By Kavuki Staffords on Sunday, December 8, 2013 at 9:03am
Canine Corona Virus
Corona Virus in dogs affects the intestines and can cause intense diarrhoea leading to dehydration. It is transmitted through contact with infected faeces and can be passed from dog to dog when they are sniffing one another or playing. A dog infected with the disease will usually show symptoms within days, though it can also transmit the disease for months after symptoms have disappeared. Dogs with weakened immune systems, younger dogs and unvaccinated dogs are particularly susceptible.
Corona virus lives in the lining of your dog's intestines, so the main symptom is diarrhoea. Unlike diarrhoea due to the ingestion of some foreign object, the resultant diarrhoea dogs is foul-smelling, watery and yellow-orange in colour. In some cases the diarrhoea might also contain blood, though this is usually a symptom of a similar, but more serious condition called parvo. Corona virus usually appears within two to five days of exposure and lasts two to ten days. It can lead to intense dehydration, so be careful to monitor your dog's condition and ensure it gets enough fluids. Other possible symptoms of corona virus include loss of appetite, depression, nausea, and vomiting. It is also possible for your dog to have corona virus and not exhibit any symptoms.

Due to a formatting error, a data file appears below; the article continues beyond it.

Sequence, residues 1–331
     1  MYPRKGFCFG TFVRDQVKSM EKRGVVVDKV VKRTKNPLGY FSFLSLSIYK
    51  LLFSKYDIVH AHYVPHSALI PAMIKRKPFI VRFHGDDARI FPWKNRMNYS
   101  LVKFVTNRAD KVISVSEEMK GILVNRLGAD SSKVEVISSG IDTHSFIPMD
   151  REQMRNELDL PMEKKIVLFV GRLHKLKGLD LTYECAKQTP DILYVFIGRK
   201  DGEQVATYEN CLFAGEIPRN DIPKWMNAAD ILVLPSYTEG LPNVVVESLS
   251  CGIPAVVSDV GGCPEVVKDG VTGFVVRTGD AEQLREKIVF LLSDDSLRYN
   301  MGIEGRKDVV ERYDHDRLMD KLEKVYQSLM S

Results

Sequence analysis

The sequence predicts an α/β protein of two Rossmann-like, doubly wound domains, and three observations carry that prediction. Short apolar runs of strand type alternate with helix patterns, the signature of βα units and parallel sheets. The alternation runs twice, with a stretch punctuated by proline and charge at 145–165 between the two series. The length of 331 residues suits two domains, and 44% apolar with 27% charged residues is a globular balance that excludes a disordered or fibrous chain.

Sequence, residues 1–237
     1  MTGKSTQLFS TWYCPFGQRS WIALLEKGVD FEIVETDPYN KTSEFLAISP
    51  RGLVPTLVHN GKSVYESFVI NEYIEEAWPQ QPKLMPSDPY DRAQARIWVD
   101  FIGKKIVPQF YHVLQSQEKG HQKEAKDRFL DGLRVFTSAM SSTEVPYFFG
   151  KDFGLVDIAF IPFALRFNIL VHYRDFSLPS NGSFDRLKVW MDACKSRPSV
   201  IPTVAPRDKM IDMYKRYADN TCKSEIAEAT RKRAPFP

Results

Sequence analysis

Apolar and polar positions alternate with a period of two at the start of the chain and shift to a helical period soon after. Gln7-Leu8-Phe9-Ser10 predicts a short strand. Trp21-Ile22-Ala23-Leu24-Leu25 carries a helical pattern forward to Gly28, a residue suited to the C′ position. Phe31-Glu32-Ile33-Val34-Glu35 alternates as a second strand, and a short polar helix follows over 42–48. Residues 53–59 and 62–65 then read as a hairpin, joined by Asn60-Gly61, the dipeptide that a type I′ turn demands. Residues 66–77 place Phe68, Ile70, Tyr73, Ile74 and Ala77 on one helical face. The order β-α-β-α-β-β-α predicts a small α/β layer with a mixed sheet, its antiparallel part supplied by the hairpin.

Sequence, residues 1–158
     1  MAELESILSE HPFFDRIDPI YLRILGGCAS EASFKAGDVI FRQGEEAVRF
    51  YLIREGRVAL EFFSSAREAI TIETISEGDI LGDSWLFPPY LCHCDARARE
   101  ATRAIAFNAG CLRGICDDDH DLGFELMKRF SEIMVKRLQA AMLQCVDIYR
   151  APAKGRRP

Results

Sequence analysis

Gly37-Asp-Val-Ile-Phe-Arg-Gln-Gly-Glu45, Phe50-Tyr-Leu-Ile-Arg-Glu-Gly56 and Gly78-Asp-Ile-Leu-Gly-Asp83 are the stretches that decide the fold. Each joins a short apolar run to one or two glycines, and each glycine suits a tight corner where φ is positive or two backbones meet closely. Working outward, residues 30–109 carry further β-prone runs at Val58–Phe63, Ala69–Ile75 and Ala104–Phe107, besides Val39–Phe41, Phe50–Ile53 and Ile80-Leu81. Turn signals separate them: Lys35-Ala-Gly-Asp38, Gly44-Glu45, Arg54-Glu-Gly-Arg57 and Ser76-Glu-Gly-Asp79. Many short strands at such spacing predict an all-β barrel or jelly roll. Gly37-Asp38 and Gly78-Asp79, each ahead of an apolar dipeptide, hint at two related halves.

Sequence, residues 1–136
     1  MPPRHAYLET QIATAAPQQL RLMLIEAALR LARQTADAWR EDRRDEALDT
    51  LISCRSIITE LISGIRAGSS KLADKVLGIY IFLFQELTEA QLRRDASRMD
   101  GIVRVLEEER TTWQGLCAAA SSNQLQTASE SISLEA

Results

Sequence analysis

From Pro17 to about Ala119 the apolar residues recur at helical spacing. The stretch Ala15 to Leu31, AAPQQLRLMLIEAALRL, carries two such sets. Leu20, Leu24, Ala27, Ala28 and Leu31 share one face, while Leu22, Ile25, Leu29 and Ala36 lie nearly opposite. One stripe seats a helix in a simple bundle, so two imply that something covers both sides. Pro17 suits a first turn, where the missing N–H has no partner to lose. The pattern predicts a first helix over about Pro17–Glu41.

Since dehydration is the main risk in canine corona virus, getting your dog enough fluids is the big challenge. A veterinarian will likely inject fluids under the skin or use an intravenous drip for this purpose. After your dog has recovered, give it bland foods and small amounts of water or Nupro Custom Electrolyte.
Since this is a virus, antibiotics will not eradicate it. While this virus in dogs is rarely fatal, it is possible for it to pass from the small intestine to other parts of the body such as the liver and lungs. Secondary bacterial infections may arise so your veterinarian might also administer antibiotics. A vaccine is available to help prevent your dog from being infected in the first place. Talk to your veterinarian about whether your dog would benefit from a vaccine.